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Former employees help prove nursing home abuse

Two former employees of a nursing facility in Kankakee who turned whistleblowers against their employer were recently able to help a federal civil court jury find the facility’s then-owner guilty of defrauding the federal government in 2004. The jury returned a $28 million verdict against the former owner, who was found liable for abusing facility residents and filing phony Medicare and Medicaid claims.

Following the 2-week trial in Urbana, the jury found that the former nursing facility owner oversaw a home that “provided worthless services,” and it levied the stiffest possible civil penalty. No criminal charges have been filed, and the current owners have had no role in what attorneys for the plaintiffs described as six years of rampant elder abuse that led to some deaths.

With the aging of the baby-boom generation, nursing homes have proliferated across Illinois. In most cases, these facilities provide good care for elders and other patients who have disabilities such as post-traumatic stress disorder and traumatic brain injury. Seniors are least likely to complain about their situation when they are in nursing homes and thus are prone to elder abuse. Nursing home abuse includes maltreatment that can lead to dehydration, malnutrition and bed sores.

Families, relatives and friends of people in nursing homes in the Chicago area should regularly check the living conditions of their loved ones. What may seem to be a fine nursing home may have a darker side when no one is watching.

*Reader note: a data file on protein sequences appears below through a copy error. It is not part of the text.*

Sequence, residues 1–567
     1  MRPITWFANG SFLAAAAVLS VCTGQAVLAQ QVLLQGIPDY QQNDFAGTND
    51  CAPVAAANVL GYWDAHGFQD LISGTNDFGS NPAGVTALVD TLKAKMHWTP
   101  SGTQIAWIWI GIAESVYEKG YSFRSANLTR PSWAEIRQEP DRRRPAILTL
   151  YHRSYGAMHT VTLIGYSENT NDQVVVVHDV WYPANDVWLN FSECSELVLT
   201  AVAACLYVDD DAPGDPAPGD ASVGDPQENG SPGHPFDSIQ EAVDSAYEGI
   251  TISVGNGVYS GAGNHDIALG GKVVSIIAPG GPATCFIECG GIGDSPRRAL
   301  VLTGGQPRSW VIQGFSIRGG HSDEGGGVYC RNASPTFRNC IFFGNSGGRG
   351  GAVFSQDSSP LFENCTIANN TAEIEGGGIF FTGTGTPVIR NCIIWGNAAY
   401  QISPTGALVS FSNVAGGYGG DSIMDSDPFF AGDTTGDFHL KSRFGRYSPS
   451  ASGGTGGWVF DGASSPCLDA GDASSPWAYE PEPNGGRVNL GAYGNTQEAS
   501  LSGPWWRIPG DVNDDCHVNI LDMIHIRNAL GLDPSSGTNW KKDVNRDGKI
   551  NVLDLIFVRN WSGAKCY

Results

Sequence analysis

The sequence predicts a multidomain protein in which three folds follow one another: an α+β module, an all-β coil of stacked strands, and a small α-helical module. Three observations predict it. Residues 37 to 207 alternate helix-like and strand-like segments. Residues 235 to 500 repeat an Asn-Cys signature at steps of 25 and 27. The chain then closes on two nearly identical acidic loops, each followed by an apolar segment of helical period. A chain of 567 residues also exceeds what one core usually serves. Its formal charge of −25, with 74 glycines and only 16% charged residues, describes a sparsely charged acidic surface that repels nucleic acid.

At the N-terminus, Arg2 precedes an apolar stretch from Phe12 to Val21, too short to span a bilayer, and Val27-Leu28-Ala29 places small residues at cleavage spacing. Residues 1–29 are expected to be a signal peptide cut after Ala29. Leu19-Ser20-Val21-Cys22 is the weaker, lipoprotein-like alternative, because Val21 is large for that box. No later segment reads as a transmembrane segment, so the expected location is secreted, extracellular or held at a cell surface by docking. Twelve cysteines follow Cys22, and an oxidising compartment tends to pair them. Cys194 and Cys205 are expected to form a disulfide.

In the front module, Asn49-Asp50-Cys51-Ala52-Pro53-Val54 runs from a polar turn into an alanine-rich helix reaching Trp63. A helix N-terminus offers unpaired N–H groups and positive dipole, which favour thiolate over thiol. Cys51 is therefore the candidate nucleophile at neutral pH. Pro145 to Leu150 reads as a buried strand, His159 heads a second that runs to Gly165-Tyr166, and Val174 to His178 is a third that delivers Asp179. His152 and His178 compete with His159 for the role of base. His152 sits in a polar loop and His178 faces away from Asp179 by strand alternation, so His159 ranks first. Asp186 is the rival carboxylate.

Chicago-area residents whose family members suffer from nursing home abuse can report incidents to authorities and also file suit on behalf of mistreated loved ones. Plaintiffs may be able to recover damages, depending on the level abuse and whether it compromised their loved ones’ lives. Such legal actions will also help to prevent elder abuse from recurring inside nursing homes.

Source: Dailyjournal.com, “Momence: Whistle-blowers convince jury of abuse by nursing home,” Dimitrios Kalantzis, Feb. 14, 2013

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Per Governor Pritzker’s recent request that workplaces reduce their workforce and work remote whenever possible, please be advised that our office remains open, but many employees will be working remotely until the end of the month. Mail, voicemail, and emails will be received. We thank you for your patience during this period of time.